The Daily Gamecock

Meeting explains cost of campus entertainment

Carolina Productions hosts Town Hall, sees low turnout

Over the past few months, Carolina Productions has received some criticism regarding how it spends its money and decides who will speak or perform at USC, yet only nine people attended their Town Hall Meeting to express concern Monday night.

“I’m not sure if [people didn’t come out] because it’s getting close to exams and students have a lot of papers or stuff like that to do. Maybe there wasn’t as big of a concern as we were expecting,” said third-year business student and Carolina Productions President Alexandra Rippy. “It could have been anything.” Discussions about Carolina Productions’ budget began when the organization paid Jenny Sanford $15,000 to give a 45-minute presentation to roughly 150 students in October.

The program’s budget for the 2010-11 school year is $442,609, which is up from the $430,860 budget that Carolina Production had last year.

Rippy started Monday night’s meeting by going over the organization’s mission statement, part of which reads, “Carolina Productions is a student-operated organization that provides entertaining, educational, traditional and diverse programs to students, faculty, staff and community members. These programs encompass the ideas, issues and interests of the University of South Carolina community, as well as the Carolinian Creed and University mission.”

With those points in mind, the organization decides to spend its money by offering more, inexpensive presentations and concerts instead of spending most, or all, of its budget on one big-ticket item.

According to Rippy’s presentation, the average amount that Carolina Productions spends on concerts is $52,538. Rippy reported that the fees for names such as Lady Gaga and Dave Matthews Band can exceed $1 million, while it would cost around $2 million to bring Taylor Swift to campus.

The student committee for the organization does not come up with whom to invite to campus, but they research the fees of artists and presenters suggested by the student body. From that list, they narrow it down to someone they want to bring to USC and send a proposal to the Carolina Productions Executive Board. If the executive board approves the proposal, then a letter of interest is sent to the artist. If the artist accepts the offer, contract negotiations begin. If the artist denies the offer, then Carolina Productions starts back at square one.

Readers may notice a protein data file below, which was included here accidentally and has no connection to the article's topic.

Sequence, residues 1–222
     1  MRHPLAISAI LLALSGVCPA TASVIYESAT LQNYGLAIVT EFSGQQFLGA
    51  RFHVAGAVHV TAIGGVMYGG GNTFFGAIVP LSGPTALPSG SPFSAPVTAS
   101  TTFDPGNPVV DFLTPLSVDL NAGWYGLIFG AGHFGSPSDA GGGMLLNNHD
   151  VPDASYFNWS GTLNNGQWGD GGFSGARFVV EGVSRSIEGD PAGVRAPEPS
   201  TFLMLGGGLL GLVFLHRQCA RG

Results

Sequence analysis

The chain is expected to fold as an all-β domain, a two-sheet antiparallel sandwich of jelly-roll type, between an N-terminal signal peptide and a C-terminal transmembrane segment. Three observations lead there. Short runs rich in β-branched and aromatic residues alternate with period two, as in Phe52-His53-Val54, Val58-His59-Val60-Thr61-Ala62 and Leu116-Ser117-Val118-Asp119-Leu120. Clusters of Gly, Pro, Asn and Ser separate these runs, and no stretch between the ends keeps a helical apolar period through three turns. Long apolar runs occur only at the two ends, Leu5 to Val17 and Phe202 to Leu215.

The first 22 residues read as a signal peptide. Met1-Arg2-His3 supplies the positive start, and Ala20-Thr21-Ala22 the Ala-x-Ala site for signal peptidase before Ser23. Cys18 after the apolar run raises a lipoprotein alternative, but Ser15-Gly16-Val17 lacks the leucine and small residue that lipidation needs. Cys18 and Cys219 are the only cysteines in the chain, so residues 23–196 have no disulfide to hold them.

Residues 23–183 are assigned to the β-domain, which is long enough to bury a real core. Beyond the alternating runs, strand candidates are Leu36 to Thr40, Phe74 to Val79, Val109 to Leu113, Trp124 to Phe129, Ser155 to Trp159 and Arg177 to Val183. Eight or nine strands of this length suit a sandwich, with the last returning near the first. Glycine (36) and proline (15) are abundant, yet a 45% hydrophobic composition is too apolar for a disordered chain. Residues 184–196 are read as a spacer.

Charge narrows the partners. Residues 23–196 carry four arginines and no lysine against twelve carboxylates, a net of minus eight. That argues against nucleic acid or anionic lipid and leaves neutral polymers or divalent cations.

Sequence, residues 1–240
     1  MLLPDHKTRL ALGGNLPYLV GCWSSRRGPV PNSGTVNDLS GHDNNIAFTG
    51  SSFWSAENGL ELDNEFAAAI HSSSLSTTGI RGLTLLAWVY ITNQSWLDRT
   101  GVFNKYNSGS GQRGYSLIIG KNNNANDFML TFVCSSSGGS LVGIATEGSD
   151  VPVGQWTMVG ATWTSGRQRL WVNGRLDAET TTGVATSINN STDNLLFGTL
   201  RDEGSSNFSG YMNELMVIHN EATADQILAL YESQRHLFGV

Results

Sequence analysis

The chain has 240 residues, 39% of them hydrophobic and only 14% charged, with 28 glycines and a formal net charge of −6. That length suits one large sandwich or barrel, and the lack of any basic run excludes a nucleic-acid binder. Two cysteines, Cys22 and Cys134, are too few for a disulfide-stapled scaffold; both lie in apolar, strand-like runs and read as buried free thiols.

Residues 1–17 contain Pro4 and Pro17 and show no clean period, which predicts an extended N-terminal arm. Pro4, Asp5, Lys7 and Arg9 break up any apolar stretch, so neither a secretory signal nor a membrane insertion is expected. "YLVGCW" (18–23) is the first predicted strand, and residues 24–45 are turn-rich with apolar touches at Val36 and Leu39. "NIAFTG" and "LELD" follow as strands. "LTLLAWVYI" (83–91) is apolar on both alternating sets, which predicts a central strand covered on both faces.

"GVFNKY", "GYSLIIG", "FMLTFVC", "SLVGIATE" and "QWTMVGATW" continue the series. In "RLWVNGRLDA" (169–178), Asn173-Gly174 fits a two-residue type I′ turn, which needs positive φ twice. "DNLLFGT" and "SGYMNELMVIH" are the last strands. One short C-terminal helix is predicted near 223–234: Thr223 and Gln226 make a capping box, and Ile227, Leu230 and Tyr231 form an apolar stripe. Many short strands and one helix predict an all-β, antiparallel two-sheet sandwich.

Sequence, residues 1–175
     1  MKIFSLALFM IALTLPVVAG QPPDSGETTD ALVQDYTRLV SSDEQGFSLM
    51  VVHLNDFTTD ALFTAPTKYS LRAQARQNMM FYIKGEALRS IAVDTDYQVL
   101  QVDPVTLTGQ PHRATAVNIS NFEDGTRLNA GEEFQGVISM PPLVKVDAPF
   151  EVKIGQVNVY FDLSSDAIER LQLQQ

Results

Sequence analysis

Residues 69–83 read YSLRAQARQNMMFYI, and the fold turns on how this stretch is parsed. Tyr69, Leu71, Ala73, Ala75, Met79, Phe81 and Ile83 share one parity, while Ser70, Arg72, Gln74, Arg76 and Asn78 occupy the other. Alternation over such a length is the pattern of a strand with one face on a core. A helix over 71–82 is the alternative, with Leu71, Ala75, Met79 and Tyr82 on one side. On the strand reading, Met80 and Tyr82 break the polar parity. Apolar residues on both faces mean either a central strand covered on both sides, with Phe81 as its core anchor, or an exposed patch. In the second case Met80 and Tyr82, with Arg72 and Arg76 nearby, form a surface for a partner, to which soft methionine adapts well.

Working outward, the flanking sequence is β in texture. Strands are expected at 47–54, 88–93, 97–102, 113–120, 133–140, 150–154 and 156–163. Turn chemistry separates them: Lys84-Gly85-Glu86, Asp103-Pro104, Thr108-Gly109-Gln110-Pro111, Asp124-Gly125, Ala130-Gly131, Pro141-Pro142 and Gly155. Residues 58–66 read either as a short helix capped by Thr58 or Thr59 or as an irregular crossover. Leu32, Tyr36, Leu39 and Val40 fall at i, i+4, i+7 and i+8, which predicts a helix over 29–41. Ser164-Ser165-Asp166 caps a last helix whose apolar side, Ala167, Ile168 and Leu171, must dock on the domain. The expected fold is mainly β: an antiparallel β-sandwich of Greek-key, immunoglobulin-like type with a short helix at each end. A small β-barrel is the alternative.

Rippy said that “Carolina Productions receives a fixed allocation and an earmark of $10 per student per semester” from the $80 campus activity fee that all full-time students at USC pay.

Carolina Productions reported that more than 13,000 individuals attended a Carolina Productions event during the 2009-10 school year, compared to the 4,000 students who voted in the Student Government election.

What differs between Carolina Productions and similar programs at other universities is the fact that the organization doesn’t charge fees to attend their events.

During the fall of 2008, Carolina Productions tried charging students a $5 fee to attend a lecture put on by writer, director, actor and comedian Kevin Smith. The organization attributes the lecture’s small turnout to the cost. Although the Smith presentation was a failure in the eyes of Carolina Productions, the organization is still talking about possibly charging admission to some events in the future.

“We’re definitely looking at our events a little more seriously,” Rippy said. “We kind of always are, but the steps we take we are documenting more just so we can show the research that we go through as well as the negotiation process. But we definitely do ask the question, ‘Is this what students want?’”

As of Monday night, Carolina Productions didn’t have any contracts finalized for the spring 2011 semester, but Rippy said that students should be able to expect some great comedians.